Monster Hunter Rise with all its updates ended up being one of my favorite games on Switch despite the technical issues and lack of a proper postgame. I did every event quest, played the PC version all the way for review, and also reviewed Monster Hunter Rise: Sunbreak on PC. Read my review of the expansion here and Steam Deck performance feature here. I was aiming to have a Switch-specific review for launch, but codes for the platform were only sent a day prior to release for myself and every reviewer I usually play Monster Hunter with. Since then, I’ve basically been playing it non-stop to test out the stressful areas of the game online and offline on Switch. For my Monster Hunter Rise: Sunbreak Switch review, I’m going to cover the performance, contents compared to the PC version, and also discuss how the online has held up over the last week on Switch.
Monster Hunter Rise: Sunbreak Switch vs PC contents
Monster Hunter Rise on Steam had a few bonus features like visual filters you could use to tweak how the game looked and sounded, but it lacked the amiibo bonuses from the Switch version which meant those layered armor sets were only on Switch. For Monster Hunter Rise: Sunbreak, the differences between platforms barring the visual and performance differences, are similar. There are new amiibo for the Switch version giving you layered armor and also supported in the daily amiibo lottery. Barring that, the PC version has added camera features that are absent on Switch. Those are the main differences between both versions when it comes to actual in-game content and features.
Monster Hunter Rise: Sunbreak Switch vs PC graphics and performance
Monster Hunter Rise struggled to maintain its 30fps in multiplayer on the flooded forest and basically any map that had a lot of open water areas. Monster Hunter Rise: Sunbreak pushes things a lot further in terms of particle effects and with the new monsters included in the expansion. I had trouble maintaining 60fps before turning things down at 1080p on Steam Deck in the busier fights involving Shagaru or Gore Magala and Malzeno, and also in specific multi-monster quests in some areas. I wanted to make sure I could test all of those and also Furious Rajang for the particle effects, which meant playing a lot as Furious Rajang is well into the postgame (MR50).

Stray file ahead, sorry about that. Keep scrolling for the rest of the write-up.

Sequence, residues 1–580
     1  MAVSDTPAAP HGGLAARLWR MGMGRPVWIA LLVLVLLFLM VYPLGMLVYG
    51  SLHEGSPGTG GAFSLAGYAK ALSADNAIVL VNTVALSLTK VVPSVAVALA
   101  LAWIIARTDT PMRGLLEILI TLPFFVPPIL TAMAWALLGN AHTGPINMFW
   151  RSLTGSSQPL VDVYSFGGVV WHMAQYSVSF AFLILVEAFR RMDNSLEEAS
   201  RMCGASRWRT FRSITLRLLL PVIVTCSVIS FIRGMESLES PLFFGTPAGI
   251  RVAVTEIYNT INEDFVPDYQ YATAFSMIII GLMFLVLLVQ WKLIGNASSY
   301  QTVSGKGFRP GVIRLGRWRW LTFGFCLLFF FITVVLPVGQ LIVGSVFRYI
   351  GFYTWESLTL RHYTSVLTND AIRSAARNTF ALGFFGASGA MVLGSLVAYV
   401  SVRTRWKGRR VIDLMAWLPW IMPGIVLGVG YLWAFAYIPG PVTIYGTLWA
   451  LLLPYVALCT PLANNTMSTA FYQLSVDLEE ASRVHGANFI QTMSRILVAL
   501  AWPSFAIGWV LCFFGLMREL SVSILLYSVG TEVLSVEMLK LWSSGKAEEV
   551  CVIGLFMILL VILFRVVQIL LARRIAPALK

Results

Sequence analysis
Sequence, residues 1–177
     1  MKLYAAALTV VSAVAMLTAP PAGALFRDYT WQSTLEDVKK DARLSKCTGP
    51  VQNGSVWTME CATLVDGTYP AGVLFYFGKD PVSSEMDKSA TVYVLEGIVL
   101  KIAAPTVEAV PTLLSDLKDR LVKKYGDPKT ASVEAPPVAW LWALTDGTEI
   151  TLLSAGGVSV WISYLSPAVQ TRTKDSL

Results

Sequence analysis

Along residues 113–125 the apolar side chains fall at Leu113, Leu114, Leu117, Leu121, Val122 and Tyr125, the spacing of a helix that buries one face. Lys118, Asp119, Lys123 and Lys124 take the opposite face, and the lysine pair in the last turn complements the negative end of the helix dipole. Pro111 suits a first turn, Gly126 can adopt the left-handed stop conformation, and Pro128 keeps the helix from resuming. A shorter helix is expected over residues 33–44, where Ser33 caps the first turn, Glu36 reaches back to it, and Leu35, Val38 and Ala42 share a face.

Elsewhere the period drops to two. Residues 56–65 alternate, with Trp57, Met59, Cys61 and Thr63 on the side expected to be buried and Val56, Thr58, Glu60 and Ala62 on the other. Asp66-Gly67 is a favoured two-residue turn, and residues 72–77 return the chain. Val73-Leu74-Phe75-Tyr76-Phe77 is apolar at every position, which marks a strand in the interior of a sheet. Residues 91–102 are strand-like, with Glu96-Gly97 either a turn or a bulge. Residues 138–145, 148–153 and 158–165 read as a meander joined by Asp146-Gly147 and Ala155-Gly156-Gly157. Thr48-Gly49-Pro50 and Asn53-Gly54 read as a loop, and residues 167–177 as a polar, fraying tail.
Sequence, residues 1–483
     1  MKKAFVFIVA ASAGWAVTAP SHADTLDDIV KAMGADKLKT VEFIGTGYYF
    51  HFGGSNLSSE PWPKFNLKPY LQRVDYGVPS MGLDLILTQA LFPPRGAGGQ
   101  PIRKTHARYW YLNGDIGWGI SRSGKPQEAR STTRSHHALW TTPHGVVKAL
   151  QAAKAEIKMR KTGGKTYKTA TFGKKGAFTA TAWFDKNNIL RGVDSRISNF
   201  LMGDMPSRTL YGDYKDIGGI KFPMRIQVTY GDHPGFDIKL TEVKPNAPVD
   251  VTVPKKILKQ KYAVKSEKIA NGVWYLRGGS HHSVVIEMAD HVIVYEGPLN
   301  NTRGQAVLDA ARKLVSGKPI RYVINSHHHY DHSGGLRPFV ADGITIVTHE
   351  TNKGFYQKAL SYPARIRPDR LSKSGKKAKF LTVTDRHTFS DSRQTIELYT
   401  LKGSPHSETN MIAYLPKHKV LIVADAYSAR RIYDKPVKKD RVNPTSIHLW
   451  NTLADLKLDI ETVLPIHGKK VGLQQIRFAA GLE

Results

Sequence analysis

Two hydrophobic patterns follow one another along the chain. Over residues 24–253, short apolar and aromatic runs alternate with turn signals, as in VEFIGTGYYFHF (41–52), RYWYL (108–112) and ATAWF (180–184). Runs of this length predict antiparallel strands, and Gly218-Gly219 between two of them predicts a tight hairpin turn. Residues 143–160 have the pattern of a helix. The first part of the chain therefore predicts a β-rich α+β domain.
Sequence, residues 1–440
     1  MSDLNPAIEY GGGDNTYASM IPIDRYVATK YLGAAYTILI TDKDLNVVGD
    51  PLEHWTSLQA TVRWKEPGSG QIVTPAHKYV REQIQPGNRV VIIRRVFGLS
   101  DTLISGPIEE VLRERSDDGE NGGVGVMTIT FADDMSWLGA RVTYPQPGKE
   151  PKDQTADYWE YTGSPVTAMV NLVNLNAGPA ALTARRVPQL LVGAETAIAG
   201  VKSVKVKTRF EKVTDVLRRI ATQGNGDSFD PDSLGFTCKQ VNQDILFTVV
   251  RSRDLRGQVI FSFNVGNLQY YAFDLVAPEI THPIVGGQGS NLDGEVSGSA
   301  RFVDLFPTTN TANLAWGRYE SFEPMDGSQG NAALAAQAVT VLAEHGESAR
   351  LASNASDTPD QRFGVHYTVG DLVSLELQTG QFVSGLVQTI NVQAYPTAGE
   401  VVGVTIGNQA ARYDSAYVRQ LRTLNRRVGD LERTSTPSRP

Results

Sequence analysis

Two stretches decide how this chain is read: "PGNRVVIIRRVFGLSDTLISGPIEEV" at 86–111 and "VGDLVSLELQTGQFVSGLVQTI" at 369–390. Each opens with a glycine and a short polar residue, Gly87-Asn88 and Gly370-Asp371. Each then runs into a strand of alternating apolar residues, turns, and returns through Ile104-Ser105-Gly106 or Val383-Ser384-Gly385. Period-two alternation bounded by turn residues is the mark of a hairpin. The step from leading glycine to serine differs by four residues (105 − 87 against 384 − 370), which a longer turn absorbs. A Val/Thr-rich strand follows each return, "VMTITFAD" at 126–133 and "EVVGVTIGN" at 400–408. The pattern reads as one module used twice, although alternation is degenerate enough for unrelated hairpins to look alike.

The final boss, which I will not spoil, is also a very demanding battle with its effects and scale. I’m surprised to see how the Switch didn’t run worse in that fight. Capcom has done a decent job of optimizing it for multiplayer, but it has issues with specific monsters where the drops are noticeable thanks to a lot of effects. You can see this with Gore and Shagaru Magala hunts. The others didn’t bother me as much considering I’ve played hundreds of hours on Switch so far, but if you really are sensitive to performance issues, you’re better off playing Sunbreak on PC. It is a much better experience on Steam when it comes to performance.
Monster Hunter Rise: Sunbreak Switch vs PC online
One important aspect to consider for this release is the online playerbase. The Switch has been a lot better for matchmaking with random people for early and postgame hunts compared to the PC version. If you have a group of regulars you play with, this aspect will not be an issue for you at all and you can disregard it. If you do play with randoms, you’re better off playing on Switch for the larger playerbase at least right now. In all my hunts on Switch so far in Sunbreak, I didn’t have a single disconnection issue both wired when docked, and wireless in portable mode.
One aspect of Sunbreak that lends itself to portable play, is the new follower and support quest system. I didn’t end up doing all of them pre-release on PC, but found them as nice breathers in between tense multiplayer postgame hunts. On Switch, I’ve been doing them in portable mode once every few hours as a break between the MR100 grinding and helping out friends who just picked up the base game. These new Sunbreak solo quests have continued to grow on me, and I hope Capcom keeps this style of solo quests for future entries as well. They help make you care more for NPCs and give you some optional downtime in quests to heal or sharpen when needed.
As with the base game, I spent most of time playing Monster Hunter Rise: Sunbreak in handheld using the Hori Split Pad Pro which feels perfect for a game like this. 2022 has been shaping up to be the best year for Switch since 2017, and Monster Hunter Rise: Sunbreak only elevates it further. Recently, the Switch has had the awesome Fire Emblem Warriors: Three Hopes, 13 Sentinels: Aegis Rim, Triangle Strategy, and more release with Live A Live, Xenoblade Chronicles 3, NieR: Automata and Persona 5 Royal coming to almost certainly make 2022 a landmark year for Nintendo’s hybrid system.
While it could use some more optimization especially when it comes to performance in multiplayer, Monster Hunter Rise: Sunbreak is my favorite Nintendo Switch game in years. Despite the technical issues, I’ve had an amazing time replaying Sunbreak on Switch after putting over 80 hours into it on Steam Deck for review. This expansion delivered in every way, and I’m looking forward to playing more of the postgame and eventual title updates on both PC and Nintendo Switch.
Switch port review: This review focusses on the Nintendo Switch version and port quality of a game that was either previously released on other platforms or one that simultaneously launched on Nintendo Switch and other platforms.